Back in 1995 (roughly), I was working directly under Marty Silvanage, [whose comments on the IFS are published below]. He sent a coworker (Mark) and me to report back on the demonstration at the gas station in Branchburg, New Jersey, that you mention in the article. At the time, Marty was involved with some 'inter-corporate environmentally friendly discussion group' and was looking at this device, though I think he was already skeptical. Bob Pearson of Inset was there, as well as a few other interested people like Mark and me. While Mark was more familiar with the technical end, my distinct impression of the experience was that Mr. Pearson was a 'snake oil salesman'. Aside from his general manner, one thing that I remember is a gentlemen asking technical questions. Mr. Pearson, while never directly answering the questions, seemed to almost attack this man over his questioning and opinions. It was as if Mr. Pearson was simply trying to discredit a stranger!
While Marty and your article probably tell as much as I could, I will just say that it was amazing to see how much can happen with a product that has never proven itself in any fashion. I don't think I have ever looked at or bought a 'new' product without having the Inset experience in the back of my mind. It should be a class on Fraud by itself!
reply: There has never been any proof of fraud regarding the IFS, as far as I know. Of course, there hasn't been any proof of fraud by any of those ubiquitous "life coaches" who tell you that happiness is free and you can achieve anything if you believe, but you can't do it alone or for nothing.
My recent interest was from my experiences in Pink Sheet stocks. If you aren't familiar with them, they are essentially un-regulated stocks. They still have legal requirements, and many are legitimate companies, just not large enough to list on the big trading floors... but there is very little monitoring and oversight. Inset would have definitely been listed there. As you mentioned in your article, Inset had some SEC issues back then. As I research Pink Sheet stocks and see arguments as to whether a company is legitimate or not, I wonder what a discussion amongst innocent investors would be now. Back then, there weren't 'Discussion Boards' much less websites dedicated to such activities. And this made me think of Inset again and I was trying to find something similar when I found your site. I will follow The Energy Group with great interest now.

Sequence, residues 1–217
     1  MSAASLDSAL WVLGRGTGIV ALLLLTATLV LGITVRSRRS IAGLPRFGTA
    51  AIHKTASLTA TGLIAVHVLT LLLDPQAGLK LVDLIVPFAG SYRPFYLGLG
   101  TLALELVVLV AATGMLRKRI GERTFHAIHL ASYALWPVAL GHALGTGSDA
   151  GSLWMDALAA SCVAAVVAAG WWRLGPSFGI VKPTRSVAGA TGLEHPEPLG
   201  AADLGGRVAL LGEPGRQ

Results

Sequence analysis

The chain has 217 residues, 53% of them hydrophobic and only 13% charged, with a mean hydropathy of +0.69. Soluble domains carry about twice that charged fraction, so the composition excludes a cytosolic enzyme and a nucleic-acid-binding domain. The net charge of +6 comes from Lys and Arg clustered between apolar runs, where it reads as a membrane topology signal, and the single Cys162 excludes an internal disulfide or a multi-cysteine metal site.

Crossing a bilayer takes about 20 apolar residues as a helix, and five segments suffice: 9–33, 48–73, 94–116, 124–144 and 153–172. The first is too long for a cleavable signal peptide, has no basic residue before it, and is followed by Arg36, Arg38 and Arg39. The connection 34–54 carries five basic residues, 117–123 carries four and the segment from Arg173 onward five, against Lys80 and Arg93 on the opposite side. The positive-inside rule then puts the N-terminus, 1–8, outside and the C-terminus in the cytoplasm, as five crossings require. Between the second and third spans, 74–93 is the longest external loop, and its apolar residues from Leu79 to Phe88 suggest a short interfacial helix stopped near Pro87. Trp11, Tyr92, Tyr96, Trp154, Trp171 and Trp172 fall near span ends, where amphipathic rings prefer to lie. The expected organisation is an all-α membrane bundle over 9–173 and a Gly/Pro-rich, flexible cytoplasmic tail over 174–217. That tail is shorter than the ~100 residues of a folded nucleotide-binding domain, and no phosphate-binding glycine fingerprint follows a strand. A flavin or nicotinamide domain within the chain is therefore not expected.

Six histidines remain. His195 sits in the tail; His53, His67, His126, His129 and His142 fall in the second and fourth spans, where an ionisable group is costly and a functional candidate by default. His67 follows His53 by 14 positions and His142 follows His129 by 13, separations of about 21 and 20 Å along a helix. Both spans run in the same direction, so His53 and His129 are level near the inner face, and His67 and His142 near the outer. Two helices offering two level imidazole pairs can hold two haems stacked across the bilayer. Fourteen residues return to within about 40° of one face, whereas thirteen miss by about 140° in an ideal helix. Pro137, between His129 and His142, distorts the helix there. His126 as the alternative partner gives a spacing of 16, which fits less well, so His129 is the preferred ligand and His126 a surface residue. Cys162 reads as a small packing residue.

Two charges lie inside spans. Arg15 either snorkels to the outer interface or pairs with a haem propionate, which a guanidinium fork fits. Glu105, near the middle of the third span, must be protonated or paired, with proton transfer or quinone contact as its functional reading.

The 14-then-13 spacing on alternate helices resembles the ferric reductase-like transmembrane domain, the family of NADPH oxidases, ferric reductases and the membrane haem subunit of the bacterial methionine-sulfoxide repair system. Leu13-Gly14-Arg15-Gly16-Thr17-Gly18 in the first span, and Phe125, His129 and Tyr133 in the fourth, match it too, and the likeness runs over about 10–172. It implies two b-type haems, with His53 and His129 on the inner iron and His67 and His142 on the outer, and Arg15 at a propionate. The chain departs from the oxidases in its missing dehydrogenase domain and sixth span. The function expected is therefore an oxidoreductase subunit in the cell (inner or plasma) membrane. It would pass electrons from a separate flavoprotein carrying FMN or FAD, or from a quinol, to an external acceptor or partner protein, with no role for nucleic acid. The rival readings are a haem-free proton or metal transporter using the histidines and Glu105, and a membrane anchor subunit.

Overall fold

reply: I've never heard of Pink Sheet stocks, but they sound like girlie men and are probably illegal in my home state of California.
Thanks again for the article and keeping such things on the record so others can still learn!
Michael B. Clark
12 Jul 2008
In your analysis, you quote and say:
"CO = .04% HC = 62 ppm (parts per million) C02 = .0%
Unfortunately, no comparable data were given for the car without the device, for typical emission readings on other race cars with similar engines and using the same gasoline. And, we have no idea of how accurate the testing equipment was"
Either the CO2 figure is a misprint, or you do indeed have an idea of how accurate the testing equipment was!
Keep up the good work, I read, learn and enjoy.
Sincerely, Maurice Taylor, Co Down, UK.
reply: Good point!
15 Dec 2003
I would like to correct your "incorrect" information on your comments and "accurate" information about the Inset Fuel Stabilizer...